The purpose of extending this concept to types of narrative dynamicity is to account for the way in which many stories find ways for characters of lesser dynamicity-- and thus lesser stature-- to conquer entities with greater dynamicity/stature.  Whenever this formula is employed-- that of *megadynamicty* being overthrown by *mesodynamicity* (as with the film THE DEADLY MANTIS) or by *microdynamicity* (as with MIGHTY MAX), one is generally dealing with a refutation of-- or at least a temporary avoidance of-- the logic of the combative mode, which generally declares that exceptional force can only be overcome by exceptional force, or at least by exemplary force gifted with some measure of strategic ability, as we see at the conclusion of the film BIG TROUBLE IN LITTLE CHINA, cited here.

In the case of fictive situations wherein *megadynamicity* is overthrown by *mesodynamicity,* the exception I've provided is one where mesodynamicity is given a "boost" of some strategic sort, as when Jack Burton, whose personal power in no way equals that of his nemesis Lo Pan, pulls one specific trick out of his bag that defeats the villain.

Over the years I've cited a number of narratives wherein one member of an ensemble group is "lifted up," so to speak, by sheer association with other members who are more powerful. Here too "strategic ability" often ennobles the merely mesodynamic member. Jonny Quest, the ten-year-old boy from the eponymous cartoon, knows a little judo but is more likely to run from villains than fight them, or to strike from hiding to overcome a foe. But if he were the only star of his show, he wouldn't make the cut, any more than another cartoon-boy mentioned above, 1993'S MIGHTY MAX.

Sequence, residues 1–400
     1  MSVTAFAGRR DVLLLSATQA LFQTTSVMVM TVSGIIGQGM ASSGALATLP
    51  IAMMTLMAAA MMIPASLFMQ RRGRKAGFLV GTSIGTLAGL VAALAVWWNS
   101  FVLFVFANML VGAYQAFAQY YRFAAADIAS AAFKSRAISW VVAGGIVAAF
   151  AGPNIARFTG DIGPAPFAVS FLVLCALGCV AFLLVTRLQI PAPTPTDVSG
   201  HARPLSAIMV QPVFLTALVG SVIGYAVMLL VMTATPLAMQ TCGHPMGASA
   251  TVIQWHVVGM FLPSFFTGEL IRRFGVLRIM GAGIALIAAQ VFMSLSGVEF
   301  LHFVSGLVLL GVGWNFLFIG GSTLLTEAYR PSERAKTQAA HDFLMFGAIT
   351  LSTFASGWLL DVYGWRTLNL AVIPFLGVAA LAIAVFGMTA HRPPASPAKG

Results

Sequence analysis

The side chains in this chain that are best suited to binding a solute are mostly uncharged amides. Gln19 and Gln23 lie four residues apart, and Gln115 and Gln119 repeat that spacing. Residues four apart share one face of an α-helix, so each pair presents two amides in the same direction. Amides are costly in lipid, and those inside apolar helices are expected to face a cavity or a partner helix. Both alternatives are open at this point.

In contrast to Max, Jonny is elevated by his constant association with the "heavy lifter" of his ensemble, Race Bannon. In large part this elevation takes place because there is much more of an overt connection between Jonny and Race, in that Race is Jonny's masculine model for behavior, far more than Jonny's actual father, who shows courage in various situations but is far more invested in the life of the intellect than his offspring.

Mighty Max has a "heavy lifter" in his entourage, too: a big Viking with the supposedly humorous name "Norman." But there's no necessary connection between Max and Norman, so that Norman's toughness does not uplift or ennoble Max. Norman's just there to haul Max's ashes out of the fire when needed, and so Norman only rates as an "subordinate" ally, not a "coordinated" co-starring member of an ensemble.

Now, in the case of my most recent film-review, the 1998 QUEST FOR CAMELOT, I find its heroine Kayley to be a difficult nut to crack. In the review I mentioned briefly that despite her desire to be a heroic female knight, she does nearly nothing that smacks of heroic action.

 She does partner up with the character of Garrett, who, as I mention in the review, is a blind man who can fight well a la Marvel's Daredevil. But Kayley only has three scenes in the whole film where she personally fights back against much more powerful enemies:

(1) In the forest, she lassos, and somehow pulls down, a big tree (possibly a dead growth, though the film doesn't explain things very well), so that the tree falls atop her pursuing antagonists and delays them for a time.